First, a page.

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Mild steel welding fume reclassified as a human carcinogen: How to avoid the damaging health effects of welding fume

As a result of The International Agency for Research on Cancer (IARC) releasing scientific evidence that exposure to mild steel welding fume can cause lung cancer and possibly kidney cancer in humans, mild steel welding fume was reclassified as a human carcinogen by the Workplace Health Expert Committee in 2019.

The Health and Safety Executive (HSE) released a safety alert for those undertaking welding activities, including mild steel, in any industry. In order to protect workers, the HSE is strengthening its enforcement expectation for exposure control for all welding fume including mild and stainless steels, high chrome steels, armour plating and exotic metals.

HSE to carry out welding fume inspections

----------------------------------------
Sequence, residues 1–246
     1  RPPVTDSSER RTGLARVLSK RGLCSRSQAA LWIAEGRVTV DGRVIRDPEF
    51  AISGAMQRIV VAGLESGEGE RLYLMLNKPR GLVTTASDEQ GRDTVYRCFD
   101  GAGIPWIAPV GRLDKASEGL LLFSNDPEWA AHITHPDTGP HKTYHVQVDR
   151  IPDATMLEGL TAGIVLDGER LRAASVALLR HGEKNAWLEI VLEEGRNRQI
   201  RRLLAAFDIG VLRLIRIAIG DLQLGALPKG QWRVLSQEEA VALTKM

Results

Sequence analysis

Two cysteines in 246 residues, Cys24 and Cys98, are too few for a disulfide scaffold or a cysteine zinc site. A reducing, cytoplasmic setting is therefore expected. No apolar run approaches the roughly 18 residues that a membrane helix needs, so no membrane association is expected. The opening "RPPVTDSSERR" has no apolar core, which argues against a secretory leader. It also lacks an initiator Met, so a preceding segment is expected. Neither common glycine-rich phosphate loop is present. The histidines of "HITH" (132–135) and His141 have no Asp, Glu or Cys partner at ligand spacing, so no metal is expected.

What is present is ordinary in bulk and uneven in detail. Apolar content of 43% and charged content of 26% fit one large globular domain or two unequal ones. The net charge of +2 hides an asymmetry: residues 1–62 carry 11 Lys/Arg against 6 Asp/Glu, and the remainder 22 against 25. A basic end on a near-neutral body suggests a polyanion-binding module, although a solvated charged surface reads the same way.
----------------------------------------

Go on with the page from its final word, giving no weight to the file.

The HSE’s current programme of inspections will review health and safety standards across the country and businesses are encouraged to visit HSE’s revised guidance to remind themselves of the changes to control expectations.

To protect your workers’ health, you must ensure you have adequate controls in place to avoid or reduce exposure to welding fume. Employers should be using local exhaust ventilation where effective and provide suitable respiratory protective equipment where necessary to protect workers in the metal fabrication industry from inhaling fumes.

The inspections follow a safety alert that was issued in February 2019 after new evidence showed exposure to mild steel welding fume can cause cancer and HSE updated guidance to reflect this.

Scientific evidence from the International Agency for Research on Cancer shows that exposure to mild steel welding fume can cause lung cancer and possibly kidney cancer in humans.

John Rowe, Head of Manufacturing at HSE said: “Employers and workers should know the risk, plan their work and use the right controls when welding activity is carried out. If they are not HSE will use enforcement to bring about improvements.”

“It is our mission that all workers are protected and are not made ill or killed by their work. Everyone should be able to leave work and go home healthy and safe.”

HSE has a range of guidance to help protect workers and COSHH advice sheets to help control risk from hazardous substances in welding.